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Laval University (French: Université Laval) is the oldest centre of education in Canada (2nd oldest in North America), and was the first institution in North America to offer higher education in French. Its main campus is located on the outskirts of the historic city in Quebec City, the capital of the province of Quebec. The university is ranked among the top ten Canadian universities in terms of research funding.

History

The origins of the university are the Séminaire de Québec founded in 1663 by François de Montmorency-Laval, a member of the House of Laval and the first Bishop of New France.

Bishop Bourget of Montreal suggested interesting the Séminaire de Québec in the establishment of Université Laval. The Principal, M. Louis Casault, visited Europe to obtain a Royal charter, and studied the best university systems.

The Séminaire de Québec was granted a Royal Charter on December 8, 1852, by Queen Victoria, at the insistence of Lord Elgin, then governor-general, creating Université Laval with 'the rights and privileges of a university'. The charter was signed in 1852. Pope Benedict XV approved the scheme, and authorized the erection of chairs of theology and the conferring of degrees.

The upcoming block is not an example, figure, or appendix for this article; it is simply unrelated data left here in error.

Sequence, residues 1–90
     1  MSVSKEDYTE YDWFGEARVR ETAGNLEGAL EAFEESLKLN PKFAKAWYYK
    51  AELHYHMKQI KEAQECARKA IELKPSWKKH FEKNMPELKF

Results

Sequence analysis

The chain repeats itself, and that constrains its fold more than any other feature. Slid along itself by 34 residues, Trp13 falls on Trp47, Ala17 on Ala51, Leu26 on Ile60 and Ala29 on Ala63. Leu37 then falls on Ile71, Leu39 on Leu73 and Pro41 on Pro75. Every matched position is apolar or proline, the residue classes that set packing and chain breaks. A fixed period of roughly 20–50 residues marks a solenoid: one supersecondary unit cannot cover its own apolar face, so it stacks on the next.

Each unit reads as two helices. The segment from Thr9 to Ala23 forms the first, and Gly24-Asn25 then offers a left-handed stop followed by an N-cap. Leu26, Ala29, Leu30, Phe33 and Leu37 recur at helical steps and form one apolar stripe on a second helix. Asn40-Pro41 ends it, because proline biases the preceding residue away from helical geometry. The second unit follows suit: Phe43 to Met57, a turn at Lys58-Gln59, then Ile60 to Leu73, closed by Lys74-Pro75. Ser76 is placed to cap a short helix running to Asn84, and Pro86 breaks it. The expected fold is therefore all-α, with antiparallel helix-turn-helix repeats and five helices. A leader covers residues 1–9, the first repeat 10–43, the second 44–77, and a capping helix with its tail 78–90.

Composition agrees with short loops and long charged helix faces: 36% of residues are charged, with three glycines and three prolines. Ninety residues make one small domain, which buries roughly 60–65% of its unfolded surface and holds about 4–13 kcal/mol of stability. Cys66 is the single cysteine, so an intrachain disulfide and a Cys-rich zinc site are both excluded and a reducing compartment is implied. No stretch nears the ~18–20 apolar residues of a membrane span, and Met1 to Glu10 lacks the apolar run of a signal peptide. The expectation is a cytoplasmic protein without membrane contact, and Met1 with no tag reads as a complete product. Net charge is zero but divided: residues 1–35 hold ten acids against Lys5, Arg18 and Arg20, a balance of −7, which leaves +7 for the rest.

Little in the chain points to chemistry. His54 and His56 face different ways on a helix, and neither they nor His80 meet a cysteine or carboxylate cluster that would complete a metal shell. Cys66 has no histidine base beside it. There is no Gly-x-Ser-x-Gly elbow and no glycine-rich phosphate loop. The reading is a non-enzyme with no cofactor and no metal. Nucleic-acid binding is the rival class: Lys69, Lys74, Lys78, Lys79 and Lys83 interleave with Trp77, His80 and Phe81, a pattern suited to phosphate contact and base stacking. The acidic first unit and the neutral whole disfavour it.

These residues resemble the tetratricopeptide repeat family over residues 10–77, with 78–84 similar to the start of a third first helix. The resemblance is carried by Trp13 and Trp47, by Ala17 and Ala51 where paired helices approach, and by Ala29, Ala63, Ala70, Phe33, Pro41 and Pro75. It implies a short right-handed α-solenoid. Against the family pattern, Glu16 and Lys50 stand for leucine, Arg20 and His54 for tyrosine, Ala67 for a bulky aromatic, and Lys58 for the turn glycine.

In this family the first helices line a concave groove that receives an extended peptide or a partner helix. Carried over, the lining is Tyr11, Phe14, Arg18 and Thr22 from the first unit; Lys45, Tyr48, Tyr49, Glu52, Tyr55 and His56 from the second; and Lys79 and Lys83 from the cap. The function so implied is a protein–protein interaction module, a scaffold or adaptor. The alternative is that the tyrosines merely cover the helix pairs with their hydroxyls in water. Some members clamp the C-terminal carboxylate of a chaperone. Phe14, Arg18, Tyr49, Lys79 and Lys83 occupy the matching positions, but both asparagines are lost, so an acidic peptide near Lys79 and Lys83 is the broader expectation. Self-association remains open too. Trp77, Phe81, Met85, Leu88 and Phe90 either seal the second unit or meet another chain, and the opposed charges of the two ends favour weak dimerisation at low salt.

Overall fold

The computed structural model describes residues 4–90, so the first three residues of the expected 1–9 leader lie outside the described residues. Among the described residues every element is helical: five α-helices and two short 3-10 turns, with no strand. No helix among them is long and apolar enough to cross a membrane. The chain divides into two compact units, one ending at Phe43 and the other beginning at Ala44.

In 1878, the university opened a second campus in Montreal, which later became the Université de Montréal on May 8, 1919, by a writ of Pope Benedict XV. In 1971, a second charter vesting supreme authority in the Université Laval council was proclaimed.

Laval, a waltz by French-Canadian ragtime composer Wilfrid Beaudry, was dedicated to the students at Laval University and the University of Montreal. The music for piano was published in Québec by J. Beaudry, circa 1906.

While the main campus moved out from the Séminaire de Québec since then, the school of architecture returned to this heritage building (now affectionately referred to as Le Vieux Séminaire) in 1989.

The governance structure at Laval incorporates the powers of board and senate. The governance was modelled on the provincial University of Toronto Act of 1906 which established a bicameral system of university government consisting of a senate (faculty), responsible for academic policy, and a board of governors (citizens) exercising exclusive control over financial policy and having formal authority in all other matters. The president, appointed by the board, was to provide a link between the 2 bodies and to perform institutional leadership. In 1911, the Medical Faculty of Université Laval set up courses on public hygiene.

In the early part of the 20th century, professional education expanded beyond the traditional fields of theology, law and medicine. Graduate training based on the German-inspired American model of specialized course work and the completion of a research thesis was introduced.

The policy of university education initiated in the 1960s responded to population pressure and the belief that higher education was a key to social justice and economic productivity for individuals and for society.

The establishment of Laval University by Royal Charter in 1852 was designated a National Historic Event in 1972 and plaqued in 1975.

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